Progarchives, the progressive rock ultimate discography
Jean Cohen-Solal - Musiques et Instruments Insolites: Flute Libres  CD (album) cover


Jean Cohen-Solal



4.00 | 15 ratings

From, the ultimate progressive rock music website

siLLy puPPy
4 stars The flute is one of the world's earliest extant musical instruments and dates back at least 35,000 years according to archeological finds and has pretty much been adopted around the globe by such diverse groups ranging from Native Americans to Asian folk sounds as well as Western classical ensembles just to name a few. In the context of rock music it has been perhaps most associated with progressive rock and has been used to create highly innovative contributions to the standard rock instrumentation of guitar, bass, keyboards and drums with bands like The Moody Blues, Camel, Gong, Genesis, Traffic, Focus and of course Jethro Tull becoming the most famous examples. The instrument has even been incorporated into the extreme metal bombast of bands like Ukraine's Nokturnal Mortem but as s solo instrument the flute has almost always taken a back seat to other instruments save the odd folk based flute ensemble that has appeared now and again throughout history.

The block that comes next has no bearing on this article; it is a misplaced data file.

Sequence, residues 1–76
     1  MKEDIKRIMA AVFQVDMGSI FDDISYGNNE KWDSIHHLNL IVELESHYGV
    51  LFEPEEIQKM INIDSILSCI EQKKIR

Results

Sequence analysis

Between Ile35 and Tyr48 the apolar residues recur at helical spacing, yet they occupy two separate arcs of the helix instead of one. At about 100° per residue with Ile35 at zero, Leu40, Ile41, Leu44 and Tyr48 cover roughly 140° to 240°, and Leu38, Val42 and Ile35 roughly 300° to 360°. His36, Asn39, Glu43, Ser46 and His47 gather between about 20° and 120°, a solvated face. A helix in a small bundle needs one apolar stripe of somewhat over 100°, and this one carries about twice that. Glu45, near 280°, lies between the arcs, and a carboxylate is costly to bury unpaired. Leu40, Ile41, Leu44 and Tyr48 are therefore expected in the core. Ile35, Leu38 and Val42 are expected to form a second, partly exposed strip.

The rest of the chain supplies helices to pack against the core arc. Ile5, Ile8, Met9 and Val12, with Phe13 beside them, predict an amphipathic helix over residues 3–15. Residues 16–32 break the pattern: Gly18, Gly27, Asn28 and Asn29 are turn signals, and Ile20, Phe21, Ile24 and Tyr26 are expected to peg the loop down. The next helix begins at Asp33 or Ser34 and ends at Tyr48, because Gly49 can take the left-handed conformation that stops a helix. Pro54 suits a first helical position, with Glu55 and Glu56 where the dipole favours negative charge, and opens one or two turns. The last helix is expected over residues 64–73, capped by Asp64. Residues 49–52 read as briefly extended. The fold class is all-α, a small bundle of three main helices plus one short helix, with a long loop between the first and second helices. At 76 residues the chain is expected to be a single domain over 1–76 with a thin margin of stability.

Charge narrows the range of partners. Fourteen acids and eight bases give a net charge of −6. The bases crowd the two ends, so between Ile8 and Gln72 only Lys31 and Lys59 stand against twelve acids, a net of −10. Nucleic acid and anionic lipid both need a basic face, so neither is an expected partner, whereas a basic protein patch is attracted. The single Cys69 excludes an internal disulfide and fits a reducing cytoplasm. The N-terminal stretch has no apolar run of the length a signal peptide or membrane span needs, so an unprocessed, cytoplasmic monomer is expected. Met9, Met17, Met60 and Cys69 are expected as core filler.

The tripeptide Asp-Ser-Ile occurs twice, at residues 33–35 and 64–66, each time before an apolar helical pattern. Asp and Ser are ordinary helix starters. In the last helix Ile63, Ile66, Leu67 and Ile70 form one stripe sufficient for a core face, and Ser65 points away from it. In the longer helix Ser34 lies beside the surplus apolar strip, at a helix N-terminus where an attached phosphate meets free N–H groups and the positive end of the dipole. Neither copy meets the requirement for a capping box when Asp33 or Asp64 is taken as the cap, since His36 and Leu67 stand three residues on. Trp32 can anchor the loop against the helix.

In terms of prog, the flute has also usually been subjected to a subordinate position although nobody has rocked the house more than Ian Anderson as an extension to his charismatic vocal performances but once in a while an artist finds a way to use their respective instrument in ways never considered and no better time in history was so fertile as that period that started in the late 60s and carried into the 70s. Born in 1946, JEAN COHEN-SOLAL stands out as one of the more unique acts to take the flute into strange new territories. Born in Algiers, Algeria a young COHEN-SOLAL tasted the splendor of Middle Eastern rhythms before his family returned to France and settled in Nimes in the 1950s where he began his early explorations of experimental music. COHEN-SOLAL was quite accomplished as he studied both double bass and flute at the National Academy of Nimes before moving on to the Academy of Versailles and then on to furthering his flute proficiencies with Roger Bourdin and Gaston Crunelle with the CNSM of Paris.